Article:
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Figure Skating

Figure skating has been in the Olympics since 1908.


Figure Skating
Winter Olympics

TORINO, Italy (CNN) -- While skating in its most rudimentary form has been around for thousands of years, the sport of figure skating as we know it was developed with two great leaps forward in the mid-19th century.

In 1850, steel bladed skates were introduced, allowing more elaborate manoeuvres. By the next decade, specialist ballet and dance moves were being used.

How it is done

Four disciplines will be contested in Torino. The men's and ladies singles events are split into two sections: the short program and free skating. The short program last for not more than two minutes, 40 seconds, while the free program runs for four minutes for women and four minutes, 30 seconds for men. Skaters must perform eight elements such as jump combinations and spins in the short program while the free program allows an original arrangement.

The pairs event also comprises a short program and a free program and runs for not more than four minutes, 30 seconds. A pair must perform a combination of throws, lifts and other man oeuvres.

Ice dancing is similar in expression and execution to ballroom dancing. The emphasis is on synchronization with the chosen music and skaters maintain contact with each other, reducing the ability for perform lifts and jumps.

The event is split into compulsory, original and free dance sections. In the compulsory section, skaters must perform a pre-determined dance, while skaters may choose their own music and steps in the original section but must adhere to set rhythms. In the free section the skaters may interpret their chosen music in any way they choose.

Figure skating judges award a mark out of six for technical merit and for artistic impression. Skaters are then ranked by each judge according to the marks given.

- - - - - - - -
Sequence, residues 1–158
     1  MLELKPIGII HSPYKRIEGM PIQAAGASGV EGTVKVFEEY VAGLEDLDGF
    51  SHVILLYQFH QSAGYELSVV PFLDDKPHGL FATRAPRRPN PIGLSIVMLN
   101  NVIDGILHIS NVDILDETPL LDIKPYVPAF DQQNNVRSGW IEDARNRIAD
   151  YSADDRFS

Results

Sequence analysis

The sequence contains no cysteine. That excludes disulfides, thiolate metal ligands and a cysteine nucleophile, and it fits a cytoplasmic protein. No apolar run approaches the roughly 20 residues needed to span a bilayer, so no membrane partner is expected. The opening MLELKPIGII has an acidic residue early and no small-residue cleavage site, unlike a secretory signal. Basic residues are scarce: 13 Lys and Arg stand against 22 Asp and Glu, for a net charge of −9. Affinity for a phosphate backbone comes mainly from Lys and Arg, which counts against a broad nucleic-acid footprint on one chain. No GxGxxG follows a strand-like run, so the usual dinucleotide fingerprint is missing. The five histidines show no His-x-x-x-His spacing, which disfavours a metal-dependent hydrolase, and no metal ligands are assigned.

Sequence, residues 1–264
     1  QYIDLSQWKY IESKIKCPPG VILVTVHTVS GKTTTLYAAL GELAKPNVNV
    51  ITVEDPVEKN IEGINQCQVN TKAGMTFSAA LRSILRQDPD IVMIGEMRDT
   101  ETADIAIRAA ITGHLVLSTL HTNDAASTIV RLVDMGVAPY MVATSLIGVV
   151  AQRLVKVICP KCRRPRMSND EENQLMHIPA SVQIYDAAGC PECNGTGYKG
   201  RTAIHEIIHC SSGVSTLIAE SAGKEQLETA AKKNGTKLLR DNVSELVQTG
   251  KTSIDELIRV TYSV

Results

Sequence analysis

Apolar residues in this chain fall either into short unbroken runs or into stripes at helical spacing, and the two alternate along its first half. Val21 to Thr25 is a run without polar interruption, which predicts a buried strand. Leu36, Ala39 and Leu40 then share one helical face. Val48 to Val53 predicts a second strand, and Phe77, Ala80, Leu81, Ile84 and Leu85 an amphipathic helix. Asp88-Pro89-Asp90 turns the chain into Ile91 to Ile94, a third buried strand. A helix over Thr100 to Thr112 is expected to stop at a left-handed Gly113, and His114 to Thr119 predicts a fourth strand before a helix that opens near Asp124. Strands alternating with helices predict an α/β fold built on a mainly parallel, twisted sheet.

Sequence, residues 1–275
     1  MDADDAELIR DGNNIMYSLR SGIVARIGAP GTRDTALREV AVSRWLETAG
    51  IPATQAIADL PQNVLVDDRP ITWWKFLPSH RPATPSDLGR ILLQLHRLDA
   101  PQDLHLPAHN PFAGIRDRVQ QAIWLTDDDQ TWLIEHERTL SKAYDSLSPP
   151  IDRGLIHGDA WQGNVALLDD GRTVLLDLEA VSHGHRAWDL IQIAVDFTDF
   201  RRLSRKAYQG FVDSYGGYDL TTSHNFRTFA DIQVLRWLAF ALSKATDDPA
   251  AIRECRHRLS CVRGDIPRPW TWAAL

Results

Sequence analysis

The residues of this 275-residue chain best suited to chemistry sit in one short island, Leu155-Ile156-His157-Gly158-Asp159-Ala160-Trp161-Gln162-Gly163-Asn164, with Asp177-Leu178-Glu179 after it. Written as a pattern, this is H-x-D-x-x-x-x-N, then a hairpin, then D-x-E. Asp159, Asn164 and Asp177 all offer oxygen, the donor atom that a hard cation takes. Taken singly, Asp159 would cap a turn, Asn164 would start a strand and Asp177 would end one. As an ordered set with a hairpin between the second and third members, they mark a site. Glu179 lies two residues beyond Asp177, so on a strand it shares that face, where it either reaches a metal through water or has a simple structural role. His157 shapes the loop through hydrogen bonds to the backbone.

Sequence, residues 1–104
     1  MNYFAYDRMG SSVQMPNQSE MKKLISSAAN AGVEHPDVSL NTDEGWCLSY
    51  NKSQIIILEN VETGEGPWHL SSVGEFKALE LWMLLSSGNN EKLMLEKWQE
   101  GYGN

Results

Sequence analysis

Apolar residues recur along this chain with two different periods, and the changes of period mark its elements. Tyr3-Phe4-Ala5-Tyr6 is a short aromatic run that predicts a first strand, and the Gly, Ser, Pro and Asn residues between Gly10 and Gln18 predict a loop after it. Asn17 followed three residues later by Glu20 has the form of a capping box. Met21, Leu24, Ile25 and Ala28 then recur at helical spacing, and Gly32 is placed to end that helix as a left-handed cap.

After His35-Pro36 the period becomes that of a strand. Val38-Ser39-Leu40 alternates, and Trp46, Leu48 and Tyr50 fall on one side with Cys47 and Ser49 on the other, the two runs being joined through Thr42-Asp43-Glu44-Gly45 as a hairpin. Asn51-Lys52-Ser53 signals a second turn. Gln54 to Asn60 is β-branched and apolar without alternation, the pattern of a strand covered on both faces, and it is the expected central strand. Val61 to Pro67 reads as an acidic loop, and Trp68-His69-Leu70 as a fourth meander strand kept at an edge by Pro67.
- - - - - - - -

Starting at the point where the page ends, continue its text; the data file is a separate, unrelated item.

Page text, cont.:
What makes it hard

Just as much an art as a sport, figure skating requires strength, co-ordination and creativity. As the marks for technical proficiency and artistic interpretation are equally weighted, skaters must be equally adept at both.

The more jumps, lifts, spins and throws that are successfully performed, the greater the chance of a high score, but so too is the danger enhanced of falling or moving out of harmony with a partner. A routine must also be balanced, as a performance with too many manoeuvres will be judged just as harshly as one with too few. The routine should also make use of the entire rink.

Skaters must be graceful at all times, masking the immense physical effort required with a facade or enjoyment -- or at the very least, nonchalance.

Decoding the Jargon

You may hear some unfamiliar terms in the expert commentary at the figure skating during the Games. Here is what some of them mean:

Axel jump: The skater takes off from their forward outside edge and lands on the forward outside edge of their other foot. Other jumps include the salchow, loop, lutz and flip.

Camel spin: A spin with the free leg parallel to the ice and the body pitched forward with the arms extended

Flying sit spin: A spinning jump in which the skater takes off, assumes a sitting position and lands in that position on the same or opposite foot.

Death spiral: A pairs manoeuvre in which the man spins his partner round his body while she keeps her back nearly parallel with the ice and raises one leg.

Which means you can sound like an expert by saying: "A triple axel into a quadruple salchow and double lutz! Exquisite!"

Did you know?

Figure skating appeared at two Summer Olympic Games -- in London in 1908 and Antwerp in 1920 -- before making its Winter debut in 1924 in Chamonix.

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